Disclaimer: When there’s an appropriate mutually beneficial opportunity I partner for sponsored blog posts. In full disclosure, I was provided product to work with by Tony Chachere’s for recipe development and compensated for this blog post and its social media promotion. 

Please note that this post may contain affiliate links. (That means I make a commission if you use my affiliate link to buy the product.) 

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Please note that this post may contain affiliate links.

Virginia Willis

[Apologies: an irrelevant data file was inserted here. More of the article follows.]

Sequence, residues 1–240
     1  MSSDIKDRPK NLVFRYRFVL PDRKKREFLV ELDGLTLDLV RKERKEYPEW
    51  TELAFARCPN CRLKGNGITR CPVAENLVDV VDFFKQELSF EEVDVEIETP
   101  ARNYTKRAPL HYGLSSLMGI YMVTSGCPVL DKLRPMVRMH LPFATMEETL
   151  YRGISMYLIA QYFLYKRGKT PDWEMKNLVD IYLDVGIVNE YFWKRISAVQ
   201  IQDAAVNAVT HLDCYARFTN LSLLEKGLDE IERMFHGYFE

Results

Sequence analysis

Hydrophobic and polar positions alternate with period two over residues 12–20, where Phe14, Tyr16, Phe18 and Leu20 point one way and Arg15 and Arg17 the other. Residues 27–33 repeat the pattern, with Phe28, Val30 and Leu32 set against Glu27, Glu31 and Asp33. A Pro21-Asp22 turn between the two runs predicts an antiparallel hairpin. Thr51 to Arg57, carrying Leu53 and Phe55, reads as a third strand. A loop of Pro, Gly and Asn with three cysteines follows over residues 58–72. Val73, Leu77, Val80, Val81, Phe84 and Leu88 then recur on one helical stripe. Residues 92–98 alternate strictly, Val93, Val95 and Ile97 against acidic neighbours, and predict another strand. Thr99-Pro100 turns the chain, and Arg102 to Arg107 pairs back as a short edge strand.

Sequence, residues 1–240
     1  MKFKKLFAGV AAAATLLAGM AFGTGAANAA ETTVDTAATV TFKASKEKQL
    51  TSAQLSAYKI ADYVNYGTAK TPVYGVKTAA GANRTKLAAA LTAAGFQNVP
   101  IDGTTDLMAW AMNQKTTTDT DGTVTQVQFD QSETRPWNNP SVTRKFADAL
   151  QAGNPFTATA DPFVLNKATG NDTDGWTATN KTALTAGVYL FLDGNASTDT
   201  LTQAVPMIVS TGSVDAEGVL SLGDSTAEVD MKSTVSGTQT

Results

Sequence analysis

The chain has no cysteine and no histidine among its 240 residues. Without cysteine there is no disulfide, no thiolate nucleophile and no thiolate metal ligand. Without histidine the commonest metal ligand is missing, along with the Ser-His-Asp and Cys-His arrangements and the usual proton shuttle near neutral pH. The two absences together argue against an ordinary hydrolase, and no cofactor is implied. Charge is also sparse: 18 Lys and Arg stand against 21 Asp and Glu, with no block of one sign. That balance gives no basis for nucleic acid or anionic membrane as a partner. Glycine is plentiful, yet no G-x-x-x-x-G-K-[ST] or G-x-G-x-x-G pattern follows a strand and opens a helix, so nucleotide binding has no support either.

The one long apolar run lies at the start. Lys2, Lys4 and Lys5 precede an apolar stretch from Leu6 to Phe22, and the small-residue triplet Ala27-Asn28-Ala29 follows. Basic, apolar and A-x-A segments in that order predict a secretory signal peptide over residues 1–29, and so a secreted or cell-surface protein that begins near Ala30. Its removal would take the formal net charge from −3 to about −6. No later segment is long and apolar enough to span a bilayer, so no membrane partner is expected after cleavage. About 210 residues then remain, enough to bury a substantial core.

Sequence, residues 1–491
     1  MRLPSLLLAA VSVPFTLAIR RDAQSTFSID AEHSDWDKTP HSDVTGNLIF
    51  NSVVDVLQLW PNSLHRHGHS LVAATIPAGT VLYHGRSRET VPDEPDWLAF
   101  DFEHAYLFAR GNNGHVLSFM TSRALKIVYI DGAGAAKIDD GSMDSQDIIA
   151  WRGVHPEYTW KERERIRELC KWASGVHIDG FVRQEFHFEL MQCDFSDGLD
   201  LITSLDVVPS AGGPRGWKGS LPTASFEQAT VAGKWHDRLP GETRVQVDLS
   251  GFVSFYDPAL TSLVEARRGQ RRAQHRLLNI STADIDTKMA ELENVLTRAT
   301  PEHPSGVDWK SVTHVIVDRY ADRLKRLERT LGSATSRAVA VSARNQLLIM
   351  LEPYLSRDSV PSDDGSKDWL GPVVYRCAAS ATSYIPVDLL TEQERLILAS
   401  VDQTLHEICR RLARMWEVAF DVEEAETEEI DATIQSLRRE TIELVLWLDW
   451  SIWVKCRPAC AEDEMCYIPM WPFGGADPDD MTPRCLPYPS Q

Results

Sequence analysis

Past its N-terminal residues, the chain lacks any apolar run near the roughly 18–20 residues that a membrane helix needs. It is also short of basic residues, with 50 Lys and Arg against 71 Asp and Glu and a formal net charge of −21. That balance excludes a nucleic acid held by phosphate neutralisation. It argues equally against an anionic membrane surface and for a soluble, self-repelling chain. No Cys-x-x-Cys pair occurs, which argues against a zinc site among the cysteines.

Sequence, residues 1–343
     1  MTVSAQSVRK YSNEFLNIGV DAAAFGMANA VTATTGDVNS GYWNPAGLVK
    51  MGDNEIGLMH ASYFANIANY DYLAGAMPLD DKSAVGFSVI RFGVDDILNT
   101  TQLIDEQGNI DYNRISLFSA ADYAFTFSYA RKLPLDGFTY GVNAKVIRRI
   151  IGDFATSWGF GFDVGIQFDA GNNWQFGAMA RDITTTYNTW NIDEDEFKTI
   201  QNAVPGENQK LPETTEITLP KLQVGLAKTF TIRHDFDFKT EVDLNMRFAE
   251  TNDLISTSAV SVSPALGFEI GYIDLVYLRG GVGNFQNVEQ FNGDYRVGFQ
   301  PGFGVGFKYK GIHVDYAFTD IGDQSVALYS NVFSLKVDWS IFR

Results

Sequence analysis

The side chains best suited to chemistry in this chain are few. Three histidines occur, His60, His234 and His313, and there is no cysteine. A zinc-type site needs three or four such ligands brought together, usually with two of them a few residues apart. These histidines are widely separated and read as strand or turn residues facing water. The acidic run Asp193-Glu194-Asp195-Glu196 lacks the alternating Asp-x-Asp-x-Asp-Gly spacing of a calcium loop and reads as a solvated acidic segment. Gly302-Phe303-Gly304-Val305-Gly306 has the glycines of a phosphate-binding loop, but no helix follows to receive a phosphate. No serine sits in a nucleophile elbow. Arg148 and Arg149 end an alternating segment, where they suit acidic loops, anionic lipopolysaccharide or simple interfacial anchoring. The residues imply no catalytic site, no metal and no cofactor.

Georgia-born French-trained Chef Virginia Willis’ biography includes making chocolate chip cookies with Dwayne “The Rock” Johnson, foraging for berries in the Alaskan wilderness, harvesting capers in the shadow of a smoldering volcano in Sicily, and hunting for truffles in France. She is talent and chef-instructor for the digital streaming platform Food Network Kitchen. Her segments feature authentic and innovative Southern cooking. She was the celebrity chef at the Mansion at Churchill Downs for the 143rd running of the Kentucky Derby. Virginia has spoken at SXSW, cooked for the James Beard Foundation, and beguiled celebrities such as Bill Clinton, Morgan Freeman, and Jane Fonda with her cooking — but it all started in her grandmother’s country kitchen. Recently, her work has been inspired by her weight loss success story, Virginia has lost 65# and kept it off for over 1 1/2 years! “If a French-trained, Southern chef can do it, you can, too.” She is the author of Fresh Start; Secrets of the Southern Table; Lighten Up, Y’all; Bon Appétit, Y’all; Basic to Brilliant, Y’all; Okra; and Grits. Lighten Up, Y’all won a James Beard Foundation Award of Excellence in the Focus on Health Category. Lighten Up, Y’all as well as her first cookbook, Bon Appétit, Y’all, were finalists in the Best American Cookbook for the International Association of Cookbook Awards and were also named by the Georgia Center of the Book as “Books Georgians Should Read.” She is the former TV kitchen director for Martha Stewart Living, Bobby Flay, and Nathalie Dupree; has worked in Michelin-starred restaurants; and traveled the world producing food stories – from making cheese in California to escargot farming in France. She has appeared on Food Network’s Chopped, CBS This Morning, Fox Family and Friends, Martha Stewart Living, and as a judge on Throwdown with Bobby Flay. She’s been featured in the New York Times, the Washington Post, People Magazine, Eater, and Food52 and has contributed to Eating Well, GRLSQUASH, Culture, Garden & Gun, and Bon Appétit, and more. The Chicago Tribune praised her as one of “Seven Food Writers You Need to Know.” Her legion of fans loves her down-to-earth attitude, approachable spirit, and traveling exploits. Her culinary consulting company, Virginia Willis Culinary Enterprises, Inc specializes in content creation, recipe development, culinary editorial and production services, cookbook writing, media training, spokesperson and brand representation, and public speaking. Virginia is on the Monterey Bay Aquarium’s Seafood Watch Blue Ribbon Task Force, the Atlanta Community Food Bank Advisory Board, as well as the Community Farmers Market Advisory Board. She is a food and hunger advocate for No Kid Hungry and a premier member of the No Kid Hungry Atlanta Society. She a member of The James Beard Foundation, Chef’s Collaborative, Georgia Organics, and Southern Foodways Alliance.